1. W Hoa's Avatar
    RIM is finally ready with its answer to Apple's iPhone and the many Android smartphones. After months of delays, RIM CEO Thorsten Heins, along with others from the company, will take the stage Wednesday in New York to unveil the final version of BlackBerry 10, the next version of RIM's phone software, and the phones that will run it.

    "We expect tomorrow to really be the kickoff for the introduction of Blackberry 10," RIM's Chief Marketing Officer Frank Boulben told ABC News in a phone interview. "We have been engaged for quite a period of time with the two main constituents -- the carriers and the developers -- and we've already said we are in the labs of more than 150 carriers around the world."

    Column: BlackBerry Burden: What RIM Must Do to Come Back

    With more than 150 wireless carriers around the world planning to offer the latest BlackBerry, Boulben says it will be the most "comprehensive launch," not only for the company, but in the history of the mobile industry.
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    "This makes it the most comprehensive launch in mobile history. There has never been a platform launching with that many carriers," he said. When the iPhone 5 made its debut in September it actually had more -- Apple said there would be 240 carriers by December. But Boulben points out that BlackBerry 10 is an entirely new operating system that doesn't share a single line of code with previous BlackBerry software; the iPhone 5 and iOS 6, by contrast, was essentially an upgrade.

    At Wednesday's event the company will show its new handsets in detail. RIM is expected to release a touch-screen device called the Z10 and another with a physical keyboard. AT&T, T-Mobile and Verizon have said they will carry devices that run the new software. Boulben also said RIM will highlight major differences between BlackBerry 10 and the other leading mobile phone platforms.

    "We are highly differentiated in four areas," Boulben said. The first is with communications -- RIM has designed the software around a messaging hub and new multitasking features. The second: the touch keyboard, which predicts words as you are typing them. Lastly, RIM says its BlackBerry Messenger and its BlackBerry Balance feature, which separates work from personal uses on the phone, set it apart.

    Boulben would not address specifically how much market share RIM is hoping to gain back in the U.S., having lost the lead it had in the last decade. According to Kantar Worldpane ComTech's data released in November 2012, the BlackBerry brand only had 1.6 percent of the American smartphone market. The iPhone had 48.1 percent of the market and Android had 46.7.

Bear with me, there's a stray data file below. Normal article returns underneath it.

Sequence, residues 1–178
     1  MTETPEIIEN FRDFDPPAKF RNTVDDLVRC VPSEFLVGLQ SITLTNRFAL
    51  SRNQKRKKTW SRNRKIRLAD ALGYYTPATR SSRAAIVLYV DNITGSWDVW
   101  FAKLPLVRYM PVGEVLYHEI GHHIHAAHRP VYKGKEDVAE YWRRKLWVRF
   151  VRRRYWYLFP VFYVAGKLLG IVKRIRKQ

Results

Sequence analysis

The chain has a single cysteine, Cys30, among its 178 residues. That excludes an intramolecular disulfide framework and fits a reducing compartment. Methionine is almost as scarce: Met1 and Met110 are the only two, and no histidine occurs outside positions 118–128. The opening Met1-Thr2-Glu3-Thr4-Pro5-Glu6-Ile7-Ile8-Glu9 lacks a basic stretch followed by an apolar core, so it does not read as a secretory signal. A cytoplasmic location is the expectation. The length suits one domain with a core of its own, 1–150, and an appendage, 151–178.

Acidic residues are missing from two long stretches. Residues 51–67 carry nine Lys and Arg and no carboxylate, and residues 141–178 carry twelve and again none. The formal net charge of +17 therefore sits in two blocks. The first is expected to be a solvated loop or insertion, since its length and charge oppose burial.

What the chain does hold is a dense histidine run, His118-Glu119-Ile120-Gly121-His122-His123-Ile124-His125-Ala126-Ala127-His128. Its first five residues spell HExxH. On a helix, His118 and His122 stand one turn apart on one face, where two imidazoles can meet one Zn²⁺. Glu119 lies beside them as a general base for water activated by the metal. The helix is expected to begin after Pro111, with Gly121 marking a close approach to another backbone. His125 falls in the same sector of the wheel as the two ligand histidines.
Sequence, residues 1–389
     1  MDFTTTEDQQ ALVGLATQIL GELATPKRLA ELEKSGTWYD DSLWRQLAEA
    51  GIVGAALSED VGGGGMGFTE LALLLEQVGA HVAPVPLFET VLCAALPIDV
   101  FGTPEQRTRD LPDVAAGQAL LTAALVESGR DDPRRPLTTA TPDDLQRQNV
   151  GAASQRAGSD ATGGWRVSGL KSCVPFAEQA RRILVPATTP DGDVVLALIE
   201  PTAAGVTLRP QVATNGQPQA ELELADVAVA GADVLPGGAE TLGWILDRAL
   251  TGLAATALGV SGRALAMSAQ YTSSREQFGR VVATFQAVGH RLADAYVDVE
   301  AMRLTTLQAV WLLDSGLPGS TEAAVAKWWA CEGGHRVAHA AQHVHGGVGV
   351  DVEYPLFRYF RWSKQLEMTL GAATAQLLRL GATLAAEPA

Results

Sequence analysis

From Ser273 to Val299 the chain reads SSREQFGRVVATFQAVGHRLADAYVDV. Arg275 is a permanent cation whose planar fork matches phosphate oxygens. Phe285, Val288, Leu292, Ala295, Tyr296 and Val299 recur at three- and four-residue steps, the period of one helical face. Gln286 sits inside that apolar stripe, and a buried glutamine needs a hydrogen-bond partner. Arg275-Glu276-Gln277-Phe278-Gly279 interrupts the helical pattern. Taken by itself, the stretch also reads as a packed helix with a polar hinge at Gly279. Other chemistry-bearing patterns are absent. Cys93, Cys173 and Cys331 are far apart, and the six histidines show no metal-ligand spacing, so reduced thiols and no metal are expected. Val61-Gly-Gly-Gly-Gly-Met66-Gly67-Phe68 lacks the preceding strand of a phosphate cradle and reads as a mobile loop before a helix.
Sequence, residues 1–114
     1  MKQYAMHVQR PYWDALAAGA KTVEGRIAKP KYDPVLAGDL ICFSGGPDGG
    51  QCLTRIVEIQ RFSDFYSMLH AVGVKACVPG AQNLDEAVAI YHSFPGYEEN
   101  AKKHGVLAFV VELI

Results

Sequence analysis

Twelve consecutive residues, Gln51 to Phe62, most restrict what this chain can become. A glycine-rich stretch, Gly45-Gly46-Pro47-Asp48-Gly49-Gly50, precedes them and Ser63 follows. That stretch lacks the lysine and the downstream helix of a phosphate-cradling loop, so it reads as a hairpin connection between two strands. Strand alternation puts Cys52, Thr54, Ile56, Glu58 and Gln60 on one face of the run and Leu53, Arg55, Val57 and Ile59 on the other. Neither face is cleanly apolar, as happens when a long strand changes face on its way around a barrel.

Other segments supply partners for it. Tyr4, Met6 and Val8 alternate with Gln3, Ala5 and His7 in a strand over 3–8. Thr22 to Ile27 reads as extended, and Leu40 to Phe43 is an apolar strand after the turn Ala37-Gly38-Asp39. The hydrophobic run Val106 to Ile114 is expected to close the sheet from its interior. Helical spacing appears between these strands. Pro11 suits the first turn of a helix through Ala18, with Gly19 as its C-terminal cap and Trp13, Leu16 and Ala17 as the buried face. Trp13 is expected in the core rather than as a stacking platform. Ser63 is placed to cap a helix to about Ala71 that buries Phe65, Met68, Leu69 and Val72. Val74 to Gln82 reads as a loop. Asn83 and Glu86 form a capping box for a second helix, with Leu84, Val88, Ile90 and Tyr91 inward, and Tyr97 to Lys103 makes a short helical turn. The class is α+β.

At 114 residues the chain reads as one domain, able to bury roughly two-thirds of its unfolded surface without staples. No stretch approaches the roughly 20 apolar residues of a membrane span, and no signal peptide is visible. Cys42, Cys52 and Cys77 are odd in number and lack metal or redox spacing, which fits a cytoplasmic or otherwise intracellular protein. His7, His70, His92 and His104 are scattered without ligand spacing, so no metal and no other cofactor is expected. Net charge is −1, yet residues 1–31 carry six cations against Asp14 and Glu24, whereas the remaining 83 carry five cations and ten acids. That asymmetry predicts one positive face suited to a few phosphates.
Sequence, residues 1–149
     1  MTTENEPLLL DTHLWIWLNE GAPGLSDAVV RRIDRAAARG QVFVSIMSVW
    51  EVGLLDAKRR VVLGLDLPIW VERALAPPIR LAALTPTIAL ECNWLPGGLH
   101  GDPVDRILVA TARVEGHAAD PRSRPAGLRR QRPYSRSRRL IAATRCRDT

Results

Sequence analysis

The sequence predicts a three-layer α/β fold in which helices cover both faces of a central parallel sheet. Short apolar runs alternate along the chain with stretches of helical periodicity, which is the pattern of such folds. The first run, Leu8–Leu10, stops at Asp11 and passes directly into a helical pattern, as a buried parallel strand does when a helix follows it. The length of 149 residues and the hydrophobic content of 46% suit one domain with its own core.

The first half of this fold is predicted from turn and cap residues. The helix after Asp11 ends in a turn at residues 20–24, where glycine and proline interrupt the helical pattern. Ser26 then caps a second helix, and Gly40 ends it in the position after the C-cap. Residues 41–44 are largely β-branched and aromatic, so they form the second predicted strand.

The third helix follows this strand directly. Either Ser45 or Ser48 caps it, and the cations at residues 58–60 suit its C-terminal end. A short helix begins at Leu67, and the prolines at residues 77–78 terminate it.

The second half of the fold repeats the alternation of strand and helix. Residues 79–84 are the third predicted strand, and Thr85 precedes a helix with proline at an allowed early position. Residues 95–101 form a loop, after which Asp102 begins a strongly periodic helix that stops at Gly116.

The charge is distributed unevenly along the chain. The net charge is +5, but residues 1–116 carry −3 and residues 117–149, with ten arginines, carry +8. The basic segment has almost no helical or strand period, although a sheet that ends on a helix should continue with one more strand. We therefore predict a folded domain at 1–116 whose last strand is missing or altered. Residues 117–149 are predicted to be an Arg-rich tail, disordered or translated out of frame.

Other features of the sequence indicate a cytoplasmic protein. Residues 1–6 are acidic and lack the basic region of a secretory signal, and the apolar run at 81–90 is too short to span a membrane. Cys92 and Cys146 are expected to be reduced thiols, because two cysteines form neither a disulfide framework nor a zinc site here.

"It's a change in smartphone experience -- the dominant paradigm, introduced six years ago, was great and revolutionary at the time. But six years is a long time for a technology cycle, with a new user experience with a clear focus we have the opportunity to take market share back," Boulben said.

    RIM CMO: BlackBerry 10 Will Make Others Look Outdated

    While RIM is of course bullish about its new products, it faces one big challenge it might not be able to control: apps. While the platform might be innovative, it will trail behind the Apple App Store and Google Play Store in variety of apps. Boulben says the momentum around apps is strong and that Wednesday the BlackBerry World store will launch with 70,000 new apps.
    This is page one of two. Please head over to ABCNews for the rest.
    01-29-13 03:53 PM
  2. Shanerredflag's Avatar
    Thanks for sharing...nice new avatar by the way.
    Stocklone and W Hoa like this.
    01-29-13 03:58 PM
  3. RubberChicken76's Avatar
    the BlackBerry brand only had 1.6 percent of the American smartphone market.
    Again, statistics not properly explained! Joanna Stern is usually better than this!

    That study measured the number of new smartphones sold in a three month period. That's not the same thing as "actively in use in the market" but I bet you many people now assume that only 1.6% of all smartphones in the USA is a BlackBerry.
    01-29-13 04:03 PM
  4. cgk's Avatar
    Again, statistics not properly explained! Joanna Stern is usually better than this!

    That study measured the number of new smartphones sold in a three month period. That's not the same thing as "actively in use in the market" but I bet you many people now assume that only 1.6% of all smartphones in the USA is a BlackBerry.
    That IS market share you are thinking of user base.

    Sent from my Nexus 7 using Tapatalk HD
    01-29-13 04:06 PM
  5. RedxD's Avatar
    "BlackBerry World store will launch with 70,000 new apps" didn't RIM stated that they had about 100.000+ native apps back in december?
    Shanerredflag likes this.
    01-29-13 04:06 PM
  6. Shanerredflag's Avatar
    That IS market share you are thinking of user base.

    Sent from my Nexus 7 using Tapatalk HD
    And this is determined how?
    01-29-13 04:18 PM
  7. W Hoa's Avatar
    the BlackBerry brand only had 1.6 percent of the American smartphone market.
    The good news with that number is, if RIM sells a couple of million more phones next quarter (or this one) over its previous quarter in the US, the bump in % will be significant. I can see the news now, 'RIM doubles (triples) its share of US market.' I'd be ok with that.
    01-29-13 04:19 PM
  8. RubberChicken76's Avatar
    That IS market share you are thinking of user base.

    Sent from my Nexus 7 using Tapatalk HD
    Therein lies the problem. "Market share of what?" New devices sold? # of smartphones in use? Web traffic? US? Global?

    All of these things get proclaimed as "marketshare" without further explanation in the media.
    01-29-13 04:31 PM
  9. RubberChicken76's Avatar
    "BlackBerry World store will launch with 70,000 new apps" didn't RIM stated that they had about 100.000+ native apps back in december?
    I think RIM themselves has always said 70,000. An analyst said, "I'm hearing 100,000"
    01-29-13 04:32 PM
  10. richardat's Avatar
    That IS market share you are thinking of user base.

    Sent from my Nexus 7 using Tapatalk HD
    GOOD FRACKIN GRACIOUS. Just explained this in another thread...and it's not the first time people have tried. WIllfull delusion/ignorance because the numbers seem personally unpalatable to these individuals....accusations that the rest of the world has the "wrong" definition.....it can't be an inability to understand....this is elementary school terminology!
    VanMtl likes this.
    01-29-13 04:58 PM
  11. Shanerredflag's Avatar
    [QUOTE=cgk;7898336]That IS market share you are thinking of user base.

    Sent from my Nexus 7 using Tapatalk HD[/QUOTE

    and that is determined how...waiting.
    01-29-13 05:03 PM
  12. RedxD's Avatar
    I think RIM themselves has always said 70,000. An analyst said, "I'm hearing 100,000"